Synthetic liquid fuels are ideal vectors for the distribution and storage of sustainable energy, allowing the exploitation of the actual infrastructure for fossil hydrocarbons. Such chemical energy carriers can be synthesised from recycled CO2 and H2 produced from intermittent renewable electrical power provided robust catalysts are developed.

A possible transformation pathway for CO2 consists in its hydrogenation to formic acid, which streamlines reversible hydrogen storage. However, the synthesis of formic acid remains defeated by unfavourable thermodynamics and intricate reactivities. In the scope of a cross-disciplinary project funded by SNF, the group of Prof. Rudolf von Rohr works, in collaboration with Professors Copéret, VandeVondele and Urakawa, on developing advanced catalytic materials and alternative reactive routes for the conversion of CO2 and H2 to formic acid and methanol in continuous flow microreactors (Figure 1).

We successfully implemented operando Raman microscopy to characterise the state of working heterogeneous catalysts and explore phase behaviour of the multi-component reactive mixture up to extreme operating conditions (500 bar, 400°C). Shedding light on fundamental mechanistic issues through the rational exploration of the reaction space led to a continuous two-reactor setup exploiting methyl formate as stable intermediate to alleviate the thermodynamic barrier of the direct synthesis. While methanol is obtained as valuable by-product, the trace amounts of formic acid and other derivatives of it demonstrate the potential of alternative processing routes for controlled CO2 conversion. The understanding of the physical and chemical equilibrium dynamics contributes to the rational design of improved catalysts for increased efficiency.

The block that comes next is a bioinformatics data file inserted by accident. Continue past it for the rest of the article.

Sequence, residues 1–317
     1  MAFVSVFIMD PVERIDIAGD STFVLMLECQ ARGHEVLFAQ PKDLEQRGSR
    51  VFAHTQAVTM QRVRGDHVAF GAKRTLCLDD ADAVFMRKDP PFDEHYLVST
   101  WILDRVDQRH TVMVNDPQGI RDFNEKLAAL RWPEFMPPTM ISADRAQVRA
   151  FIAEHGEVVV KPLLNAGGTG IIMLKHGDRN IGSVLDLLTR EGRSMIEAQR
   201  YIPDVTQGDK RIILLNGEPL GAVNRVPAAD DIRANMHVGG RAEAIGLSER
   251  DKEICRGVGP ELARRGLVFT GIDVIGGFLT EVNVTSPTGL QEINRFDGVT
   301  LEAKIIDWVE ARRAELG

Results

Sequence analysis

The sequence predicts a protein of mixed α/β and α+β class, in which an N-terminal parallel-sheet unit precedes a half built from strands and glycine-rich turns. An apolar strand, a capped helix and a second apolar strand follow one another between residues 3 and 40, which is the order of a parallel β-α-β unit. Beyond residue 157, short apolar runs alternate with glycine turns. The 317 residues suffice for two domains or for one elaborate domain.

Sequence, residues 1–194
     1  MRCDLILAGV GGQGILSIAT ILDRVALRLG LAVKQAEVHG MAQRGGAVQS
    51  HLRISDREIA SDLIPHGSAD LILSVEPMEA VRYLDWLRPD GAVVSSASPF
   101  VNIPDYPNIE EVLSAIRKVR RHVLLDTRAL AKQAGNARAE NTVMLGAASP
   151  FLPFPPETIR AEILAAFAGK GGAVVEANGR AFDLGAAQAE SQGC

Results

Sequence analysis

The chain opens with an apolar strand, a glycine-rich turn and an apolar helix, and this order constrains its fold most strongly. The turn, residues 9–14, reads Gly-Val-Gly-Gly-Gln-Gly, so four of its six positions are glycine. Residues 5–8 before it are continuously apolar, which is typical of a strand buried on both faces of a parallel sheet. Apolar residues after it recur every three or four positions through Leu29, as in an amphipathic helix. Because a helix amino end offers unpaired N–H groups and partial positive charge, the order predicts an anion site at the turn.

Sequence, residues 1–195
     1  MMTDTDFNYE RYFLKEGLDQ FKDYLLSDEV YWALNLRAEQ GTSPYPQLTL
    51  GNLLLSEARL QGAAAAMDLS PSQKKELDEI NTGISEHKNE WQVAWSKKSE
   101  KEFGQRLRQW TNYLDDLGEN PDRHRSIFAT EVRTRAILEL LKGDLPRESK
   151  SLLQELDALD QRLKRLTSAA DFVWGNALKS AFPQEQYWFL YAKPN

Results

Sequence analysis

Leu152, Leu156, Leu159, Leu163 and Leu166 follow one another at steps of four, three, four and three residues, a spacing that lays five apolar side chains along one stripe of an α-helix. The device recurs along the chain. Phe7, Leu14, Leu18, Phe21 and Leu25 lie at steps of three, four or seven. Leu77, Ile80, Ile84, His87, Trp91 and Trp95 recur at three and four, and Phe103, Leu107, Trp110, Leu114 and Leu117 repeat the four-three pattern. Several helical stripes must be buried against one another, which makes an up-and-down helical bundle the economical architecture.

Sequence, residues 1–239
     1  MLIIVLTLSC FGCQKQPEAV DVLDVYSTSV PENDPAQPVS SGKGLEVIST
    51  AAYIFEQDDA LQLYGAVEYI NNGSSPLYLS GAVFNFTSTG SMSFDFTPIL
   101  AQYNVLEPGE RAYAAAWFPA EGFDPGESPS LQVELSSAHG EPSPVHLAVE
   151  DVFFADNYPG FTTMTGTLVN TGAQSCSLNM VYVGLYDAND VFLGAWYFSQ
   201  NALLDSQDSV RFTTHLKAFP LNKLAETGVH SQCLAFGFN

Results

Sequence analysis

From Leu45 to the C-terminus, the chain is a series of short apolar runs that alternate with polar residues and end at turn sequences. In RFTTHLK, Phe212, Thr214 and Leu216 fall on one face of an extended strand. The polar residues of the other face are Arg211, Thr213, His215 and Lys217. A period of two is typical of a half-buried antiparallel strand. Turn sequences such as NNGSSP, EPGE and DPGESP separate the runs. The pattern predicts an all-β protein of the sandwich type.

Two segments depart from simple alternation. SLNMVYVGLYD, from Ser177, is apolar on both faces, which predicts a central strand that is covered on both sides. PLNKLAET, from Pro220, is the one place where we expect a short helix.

Figure 1: Schematics of the high-pressure microreaction setup for CO2 hydrogenation in flow with the analytical methods implemented for a rational design of catalysts and processes.

The team involved in this project include Helena Reymond, and Professor Rudolf von Rohr, ESC member and head of Transport Processes and Reactions Laboratory (LTR). Process engineering is mainly dealing with development and implementation of technical processes and plants that are able to change the state, the properties as well as the composition of a material. The focus is on design, operation, control and optimization of chemical, physical and biological processes. Moreover, also the importance of computer-based methods in process engineering is continuously increasing.

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